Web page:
Use of magnesium sulfate in alcohol withdrawal

Am Fam Physician. 1987 May;35(5):167-70.

Abstract

Magnesium deficiency plays an important role in alcohol withdrawal syndromes. Parenteral replacement of magnesium in the form of magnesium sulfate is safe and diminishes the severity of withdrawal symptoms in recently alcohol-abstinent patients. Early diagnosis of withdrawal illness and institution of magnesium replacement therapy decrease the need for benzodiazepines, diminish withdrawal complications and reduce the length of hospital stay. Testing for serum magnesium levels is useful, but experience supports the empiric use of magnesium replacement therapy in alcohol withdrawal.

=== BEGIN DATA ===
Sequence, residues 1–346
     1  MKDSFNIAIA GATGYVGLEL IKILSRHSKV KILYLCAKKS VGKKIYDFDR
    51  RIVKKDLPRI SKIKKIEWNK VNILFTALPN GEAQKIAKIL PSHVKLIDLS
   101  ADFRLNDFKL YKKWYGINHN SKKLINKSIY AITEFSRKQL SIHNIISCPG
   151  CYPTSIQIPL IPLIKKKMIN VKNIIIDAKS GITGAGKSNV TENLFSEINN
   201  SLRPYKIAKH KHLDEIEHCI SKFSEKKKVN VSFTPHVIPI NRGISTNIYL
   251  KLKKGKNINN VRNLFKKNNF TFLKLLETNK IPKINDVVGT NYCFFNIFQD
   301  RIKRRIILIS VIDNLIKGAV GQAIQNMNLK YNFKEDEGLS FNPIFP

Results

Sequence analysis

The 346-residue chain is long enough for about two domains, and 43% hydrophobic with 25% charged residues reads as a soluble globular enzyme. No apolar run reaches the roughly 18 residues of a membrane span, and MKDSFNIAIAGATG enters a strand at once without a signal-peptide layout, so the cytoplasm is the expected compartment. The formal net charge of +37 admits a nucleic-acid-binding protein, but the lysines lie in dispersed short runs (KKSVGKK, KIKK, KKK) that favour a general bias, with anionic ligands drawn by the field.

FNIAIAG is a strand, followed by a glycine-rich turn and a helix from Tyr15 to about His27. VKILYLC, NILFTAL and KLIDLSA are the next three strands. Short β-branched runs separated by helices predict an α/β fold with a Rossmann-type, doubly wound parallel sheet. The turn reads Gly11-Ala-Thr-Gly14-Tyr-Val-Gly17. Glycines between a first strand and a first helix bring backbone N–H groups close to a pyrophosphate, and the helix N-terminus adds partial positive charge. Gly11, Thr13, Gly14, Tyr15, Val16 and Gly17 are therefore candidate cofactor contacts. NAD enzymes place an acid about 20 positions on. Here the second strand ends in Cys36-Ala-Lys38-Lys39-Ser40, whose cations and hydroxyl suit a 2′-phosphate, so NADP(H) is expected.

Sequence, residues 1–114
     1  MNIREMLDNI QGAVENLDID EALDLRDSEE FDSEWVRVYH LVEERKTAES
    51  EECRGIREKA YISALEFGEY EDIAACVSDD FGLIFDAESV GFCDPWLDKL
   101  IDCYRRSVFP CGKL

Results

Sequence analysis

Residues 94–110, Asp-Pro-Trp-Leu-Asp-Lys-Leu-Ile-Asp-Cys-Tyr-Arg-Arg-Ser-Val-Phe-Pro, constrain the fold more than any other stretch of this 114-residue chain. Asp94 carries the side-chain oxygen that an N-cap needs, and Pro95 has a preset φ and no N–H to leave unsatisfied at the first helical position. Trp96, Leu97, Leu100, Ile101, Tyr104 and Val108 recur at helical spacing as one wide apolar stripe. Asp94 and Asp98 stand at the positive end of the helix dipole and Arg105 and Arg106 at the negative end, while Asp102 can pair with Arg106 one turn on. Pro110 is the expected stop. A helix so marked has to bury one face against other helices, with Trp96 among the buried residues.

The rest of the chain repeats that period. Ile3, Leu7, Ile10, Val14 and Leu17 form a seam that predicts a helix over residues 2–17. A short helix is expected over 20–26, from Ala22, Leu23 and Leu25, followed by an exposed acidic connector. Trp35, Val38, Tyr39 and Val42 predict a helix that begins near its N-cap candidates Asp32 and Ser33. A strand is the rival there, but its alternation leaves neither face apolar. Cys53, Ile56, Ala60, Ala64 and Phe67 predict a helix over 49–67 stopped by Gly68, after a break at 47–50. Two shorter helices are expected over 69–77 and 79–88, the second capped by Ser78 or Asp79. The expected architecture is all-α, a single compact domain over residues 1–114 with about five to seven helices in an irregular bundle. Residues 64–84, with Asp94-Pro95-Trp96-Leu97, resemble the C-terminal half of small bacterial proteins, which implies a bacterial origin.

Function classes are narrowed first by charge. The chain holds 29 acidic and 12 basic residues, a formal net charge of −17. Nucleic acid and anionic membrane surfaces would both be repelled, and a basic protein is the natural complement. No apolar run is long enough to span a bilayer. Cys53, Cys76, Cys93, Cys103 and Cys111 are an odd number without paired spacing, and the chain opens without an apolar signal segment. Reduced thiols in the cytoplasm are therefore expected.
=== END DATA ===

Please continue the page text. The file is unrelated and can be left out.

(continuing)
Publication types

  • Case Reports

MeSH terms

  • Ethanol / adverse effects*
  • Humans
  • Magnesium Deficiency / chemically induced*
  • Magnesium Deficiency / drug therapy
  • Magnesium Deficiency / physiopathology
  • Magnesium Sulfate / therapeutic use*
  • Male
  • Middle Aged
  • Substance Withdrawal Syndrome / drug therapy*
  • Substance Withdrawal Syndrome / physiopathology

Substances

  • Ethanol
  • Magnesium Sulfate